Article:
For whatever reason, some seem to view educators as ‘the other.’
The demonization continues, and why?
It is difficult to know how to respond to a Feb. 8 letter (“The union’s message isn’t being received”) regarding Education Minnesota President Denise Specht’s Feb. 6 commentary about education reform groups (“One flavor of reform leaves a bad taste”). It is unclear whether the letter writer even read Specht’s article, since he did not address any of its main points. Instead, he used it as a flimsy pretense to bash teachers, implying that they do not want to, or know how to, “work.”
What is heartbreaking is that this kind of knee-jerk response happens when people stop listening to one another. When a group of people become the “other” to us, we stop thinking about them as people who are probably more similar to us than different. Clearly, teachers are the “other” to the letter writer, as they are to many others in our community, based on the kinds of letters to the editor I have read in the Star Tribune over the last two decades.
Here’s an inconvenient solution: Contact your local school or teachers union office and ask to shadow a teacher for an entire day. I believe you would come away surprised at how hard — and how long — we work. I also believe that you would realize that you share a lot of values and goals with the teachers in your community. We are not the “other.”
ERIK BRANDT, St. Paul
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Teachers want better working conditions and better pay and benefits — is that really out of line with what other workers want?
I wish the bitterness toward teachers were based on a genuine concern for improving the education of children, but that would require a belief that education is actually pretty important and hard to do well on the cheap. No, it is based on a belief that whatever amount of money is invested in education, it’s too much.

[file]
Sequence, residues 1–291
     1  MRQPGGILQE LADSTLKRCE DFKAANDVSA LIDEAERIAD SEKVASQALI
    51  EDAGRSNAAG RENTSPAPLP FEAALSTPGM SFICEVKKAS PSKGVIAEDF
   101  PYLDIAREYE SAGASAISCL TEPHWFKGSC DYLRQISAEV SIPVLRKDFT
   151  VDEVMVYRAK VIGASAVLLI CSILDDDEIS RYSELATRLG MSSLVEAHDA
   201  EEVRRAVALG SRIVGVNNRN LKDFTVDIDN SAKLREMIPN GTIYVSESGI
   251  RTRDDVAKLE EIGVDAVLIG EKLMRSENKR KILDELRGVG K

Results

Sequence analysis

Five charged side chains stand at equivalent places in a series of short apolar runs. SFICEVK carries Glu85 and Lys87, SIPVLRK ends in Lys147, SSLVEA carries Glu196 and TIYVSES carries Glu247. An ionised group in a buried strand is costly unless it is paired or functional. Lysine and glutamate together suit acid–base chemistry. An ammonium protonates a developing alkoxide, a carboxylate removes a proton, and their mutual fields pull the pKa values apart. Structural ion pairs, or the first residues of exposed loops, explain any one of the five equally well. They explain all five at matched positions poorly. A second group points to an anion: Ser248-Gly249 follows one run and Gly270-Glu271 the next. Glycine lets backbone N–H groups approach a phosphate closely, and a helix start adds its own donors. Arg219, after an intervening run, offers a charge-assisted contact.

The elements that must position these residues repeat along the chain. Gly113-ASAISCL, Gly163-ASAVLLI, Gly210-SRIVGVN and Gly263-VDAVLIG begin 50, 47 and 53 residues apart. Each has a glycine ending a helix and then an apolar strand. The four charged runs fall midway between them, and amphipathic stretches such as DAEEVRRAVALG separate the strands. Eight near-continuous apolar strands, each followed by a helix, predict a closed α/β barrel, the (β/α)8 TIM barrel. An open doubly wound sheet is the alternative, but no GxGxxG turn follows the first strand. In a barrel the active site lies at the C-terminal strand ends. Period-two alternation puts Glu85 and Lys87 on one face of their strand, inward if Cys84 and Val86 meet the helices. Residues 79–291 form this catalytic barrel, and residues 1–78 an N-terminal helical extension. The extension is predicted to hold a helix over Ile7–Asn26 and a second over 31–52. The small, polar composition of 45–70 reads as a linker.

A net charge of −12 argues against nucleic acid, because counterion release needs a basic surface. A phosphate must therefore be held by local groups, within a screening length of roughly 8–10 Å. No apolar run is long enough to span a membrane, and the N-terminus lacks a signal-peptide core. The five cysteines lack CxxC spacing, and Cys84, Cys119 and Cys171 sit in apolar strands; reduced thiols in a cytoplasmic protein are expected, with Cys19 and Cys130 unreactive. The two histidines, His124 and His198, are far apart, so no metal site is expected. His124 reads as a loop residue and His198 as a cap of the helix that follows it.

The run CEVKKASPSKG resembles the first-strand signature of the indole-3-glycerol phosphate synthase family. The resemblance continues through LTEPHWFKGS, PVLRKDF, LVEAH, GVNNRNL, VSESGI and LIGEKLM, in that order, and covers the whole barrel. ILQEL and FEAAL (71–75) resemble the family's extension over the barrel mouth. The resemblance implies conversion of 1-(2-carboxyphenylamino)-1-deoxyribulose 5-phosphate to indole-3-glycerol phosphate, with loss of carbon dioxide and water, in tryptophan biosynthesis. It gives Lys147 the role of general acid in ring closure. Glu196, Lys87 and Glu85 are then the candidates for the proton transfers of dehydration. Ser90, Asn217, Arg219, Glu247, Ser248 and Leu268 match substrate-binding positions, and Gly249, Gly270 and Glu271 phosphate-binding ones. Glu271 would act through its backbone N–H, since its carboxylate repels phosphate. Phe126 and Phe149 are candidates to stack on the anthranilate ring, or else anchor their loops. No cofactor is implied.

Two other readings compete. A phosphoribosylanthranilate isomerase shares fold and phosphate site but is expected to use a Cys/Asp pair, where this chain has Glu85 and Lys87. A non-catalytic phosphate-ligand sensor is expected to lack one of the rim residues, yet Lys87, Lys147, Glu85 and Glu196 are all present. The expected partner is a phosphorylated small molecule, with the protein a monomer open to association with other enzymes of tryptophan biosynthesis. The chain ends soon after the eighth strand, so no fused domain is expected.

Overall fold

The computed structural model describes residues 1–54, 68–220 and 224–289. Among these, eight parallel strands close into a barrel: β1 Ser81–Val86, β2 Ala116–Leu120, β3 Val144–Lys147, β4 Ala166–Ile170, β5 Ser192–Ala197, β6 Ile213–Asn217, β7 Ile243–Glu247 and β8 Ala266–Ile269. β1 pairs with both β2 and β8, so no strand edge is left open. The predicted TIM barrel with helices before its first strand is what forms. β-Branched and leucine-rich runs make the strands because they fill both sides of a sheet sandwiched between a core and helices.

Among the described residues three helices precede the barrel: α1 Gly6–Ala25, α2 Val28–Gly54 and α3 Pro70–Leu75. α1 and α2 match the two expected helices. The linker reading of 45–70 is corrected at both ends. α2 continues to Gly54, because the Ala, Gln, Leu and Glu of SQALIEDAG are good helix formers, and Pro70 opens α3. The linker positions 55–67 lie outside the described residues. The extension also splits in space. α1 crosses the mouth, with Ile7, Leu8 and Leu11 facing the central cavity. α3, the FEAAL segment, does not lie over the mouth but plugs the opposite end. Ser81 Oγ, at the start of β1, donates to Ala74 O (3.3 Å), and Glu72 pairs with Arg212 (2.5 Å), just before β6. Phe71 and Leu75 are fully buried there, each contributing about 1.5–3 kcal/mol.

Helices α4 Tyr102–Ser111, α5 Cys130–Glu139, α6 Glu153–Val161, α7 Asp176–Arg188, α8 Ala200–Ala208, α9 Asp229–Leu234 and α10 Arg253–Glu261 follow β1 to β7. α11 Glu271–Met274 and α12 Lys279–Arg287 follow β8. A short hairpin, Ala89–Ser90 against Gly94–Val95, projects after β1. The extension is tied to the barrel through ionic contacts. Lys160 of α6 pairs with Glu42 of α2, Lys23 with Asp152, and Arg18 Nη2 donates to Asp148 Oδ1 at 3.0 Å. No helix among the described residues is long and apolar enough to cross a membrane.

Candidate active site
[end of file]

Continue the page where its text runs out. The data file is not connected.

My question: What would you rather invest in? A new Vikings stadium? A new office building for politicians in St. Paul? Oh, wait: The correct answer is nothing — the money should be returned to taxpayers. (But note the impressive impact of not investing in education in places like Mississippi, Alabama or Louisiana).
Michael Harwell, Forest Lake
With two central cities, why put it elsewhere?
I appreciate the Star Tribune’s focus on access to public transit, but the real problem here is the location itself (“Twin Cities’ new U.S. immigration building lacking bus service,” Feb. 10). Can anyone come up with a good reason for the immigration office to be located anywhere other than in Minneapolis or St. Paul? Our central cities already have all-day transit service. Extending bus service to the new location in west Bloomington is not going to help, since the site is still in the middle of nowhere, even by suburban standards. Practically any other commercial location, even within Bloomington, would be better.
The General Services Administration contract to relocate the immigration office to 9360 Ensign Av. S. should be canceled and the site’s selection investigated. Relocate the office to a place accessible to all, as required by law.
MATT BRILLHART, Minneapolis
The Opinion section is produced by the Editorial Department to foster discussion about key issues. The Editorial Board represents the institutional voice of the Star Tribune and operates independently of the newsroom.